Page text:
Problems caused by variable patient demand affect the emergency department most visibly. The inability to move admitted ED patients to floor beds is the principal cause of ED overcrowding. This is most often a result of ED-admitted patients competing with elective surgical patients for the same beds. To cope with overcrowding, the hospital may divert ambulances to other hospitals, thus rejecting patients seeking care there. Others are boarded in the ED for hours (and sometimes days) waiting to be transferred to an inpatient bed.

    No service is immune to the impact of variable patient demand. In the operating room, urgent and emergent surgeries are delayed or end up bumping elective surgeries as cases compete for a room and staffing. Unpredictable peaks in demand result in the OR and PACU working overtime and under stress to get cases done, situations that not only increase the risk of errors but that affect patient and caregiver satisfaction. Even ancillary departments such as radiology or therapy services experience increased waiting times for services when patient demand peaks.

    What Hospital Leaders Can Do
    Hospitals that have applied Variability Methodology to their operations to improve patient flow have experienced major positive improvements to both their operations and quality of patient care.

    • At Cincinnati Children's Hospital Medical Center, separation of OR resources for emergent/urgent vs. elective surgical cases, a fundamental principle of Variability Methodology, resulted in a 28 percent reduction in waiting time for performing emergent/urgent cases even though volume increased 24 percent. In addition, OR overtime was reduced by 57 percent. A survey of CCHMC clinicians after implementation indicated wide scale satisfaction with the changes, especially among surgeons.
    • At Boston Medical Center, similar separation of resources for emergent/urgent cases reduced "bumping" of elective surgical cases, formerly required to accommodate them, by over 99 percent. Variable patient flow to the step-down unit was reduced by half, improving staff satisfaction. In addition, average Nursing Hours per Patient Day (NHPPD) were reduced by .6 hour, by reduction of periods of low census in the unit, saving $130,000 per year. The ED benefited as well as ambulance diversions declined, wait times in the ED were reduced by 1/3, and throughput time decreased by 45 minutes, allowing more patients to be seen.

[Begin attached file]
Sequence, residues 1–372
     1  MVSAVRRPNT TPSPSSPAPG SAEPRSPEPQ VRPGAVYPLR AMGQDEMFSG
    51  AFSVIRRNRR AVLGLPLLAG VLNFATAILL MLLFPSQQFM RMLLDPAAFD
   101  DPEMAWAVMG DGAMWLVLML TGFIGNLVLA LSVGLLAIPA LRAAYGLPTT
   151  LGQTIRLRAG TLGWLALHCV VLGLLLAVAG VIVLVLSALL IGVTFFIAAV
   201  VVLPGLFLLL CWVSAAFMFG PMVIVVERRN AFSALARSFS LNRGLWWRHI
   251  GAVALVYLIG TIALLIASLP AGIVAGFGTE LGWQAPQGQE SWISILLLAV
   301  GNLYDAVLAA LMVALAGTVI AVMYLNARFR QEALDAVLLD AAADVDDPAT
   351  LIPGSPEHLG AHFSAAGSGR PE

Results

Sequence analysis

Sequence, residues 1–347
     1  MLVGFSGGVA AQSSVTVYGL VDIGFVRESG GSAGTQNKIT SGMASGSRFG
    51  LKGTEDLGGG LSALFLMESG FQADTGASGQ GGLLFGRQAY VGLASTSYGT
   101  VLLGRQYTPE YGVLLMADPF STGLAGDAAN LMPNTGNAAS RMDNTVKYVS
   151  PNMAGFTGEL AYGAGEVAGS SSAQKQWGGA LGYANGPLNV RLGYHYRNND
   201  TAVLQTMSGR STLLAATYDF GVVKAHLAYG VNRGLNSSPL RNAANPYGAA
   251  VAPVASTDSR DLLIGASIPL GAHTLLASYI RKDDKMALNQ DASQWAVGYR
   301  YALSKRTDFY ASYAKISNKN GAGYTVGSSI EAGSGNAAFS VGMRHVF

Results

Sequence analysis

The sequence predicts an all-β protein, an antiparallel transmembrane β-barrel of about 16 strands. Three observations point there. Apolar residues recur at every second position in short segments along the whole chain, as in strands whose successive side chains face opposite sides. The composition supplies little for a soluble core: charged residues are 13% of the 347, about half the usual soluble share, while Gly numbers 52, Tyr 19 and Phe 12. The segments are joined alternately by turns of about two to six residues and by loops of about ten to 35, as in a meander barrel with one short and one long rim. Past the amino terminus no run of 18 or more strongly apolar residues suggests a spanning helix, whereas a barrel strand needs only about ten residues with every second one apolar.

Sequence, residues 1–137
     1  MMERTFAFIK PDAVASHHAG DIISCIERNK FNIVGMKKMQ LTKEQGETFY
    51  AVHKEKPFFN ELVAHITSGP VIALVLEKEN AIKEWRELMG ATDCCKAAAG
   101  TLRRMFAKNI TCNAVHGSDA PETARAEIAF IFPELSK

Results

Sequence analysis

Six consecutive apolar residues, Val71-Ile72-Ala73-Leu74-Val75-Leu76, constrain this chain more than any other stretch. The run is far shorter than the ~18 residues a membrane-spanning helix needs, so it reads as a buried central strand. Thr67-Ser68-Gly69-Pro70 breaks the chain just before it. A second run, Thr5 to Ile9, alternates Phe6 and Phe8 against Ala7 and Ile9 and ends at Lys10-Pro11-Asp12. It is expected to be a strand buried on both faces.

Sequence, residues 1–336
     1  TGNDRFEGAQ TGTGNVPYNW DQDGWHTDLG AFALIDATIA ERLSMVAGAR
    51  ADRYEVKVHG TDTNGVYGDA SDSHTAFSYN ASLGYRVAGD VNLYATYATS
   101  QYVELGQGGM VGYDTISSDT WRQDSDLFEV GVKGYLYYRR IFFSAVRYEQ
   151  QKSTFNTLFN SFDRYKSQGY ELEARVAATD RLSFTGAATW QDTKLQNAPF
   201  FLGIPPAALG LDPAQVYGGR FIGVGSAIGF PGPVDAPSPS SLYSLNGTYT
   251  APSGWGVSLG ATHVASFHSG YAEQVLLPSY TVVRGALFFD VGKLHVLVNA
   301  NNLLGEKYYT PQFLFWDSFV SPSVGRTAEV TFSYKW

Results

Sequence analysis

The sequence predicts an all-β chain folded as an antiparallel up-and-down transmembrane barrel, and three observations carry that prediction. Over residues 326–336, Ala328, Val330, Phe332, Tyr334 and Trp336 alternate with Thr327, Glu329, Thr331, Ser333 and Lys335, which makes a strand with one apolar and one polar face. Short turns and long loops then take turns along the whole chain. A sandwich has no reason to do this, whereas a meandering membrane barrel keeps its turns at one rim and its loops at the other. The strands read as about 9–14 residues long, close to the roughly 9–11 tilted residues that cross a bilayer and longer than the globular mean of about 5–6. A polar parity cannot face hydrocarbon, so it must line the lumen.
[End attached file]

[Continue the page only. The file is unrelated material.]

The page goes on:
Improvement of hospital-wide patient flow requires commitment and leadership from senior hospital leaders and involvement of clinicians and managers from the OR (particularly surgeons), the ED, and inpatient units. Reducing the variability of elective admissions, typically through the OR, and right-sizing of capacity to best manage the remaining variability due to emergent admissions, often requires significant changes. However, proper management of variability in patient demand is essential to improving patient safety and quality of care, while promising significant gains in hospital efficiency as well.

    For more detailed information about Variability Methodology, visit

    Kathleen Kerwin Fuda, Ph.D, is a consultant for PatientFlow Technology, Inc., and data analysis manager of the Managing of Variability Program at the Boston University Health Policy Institute. Brad Prenney, MS, MPA, is a consultant for PatientFlow Technology and Deputy Director of the Management of Variability in Health Care Delivery at the Boston University Health Policy Institute.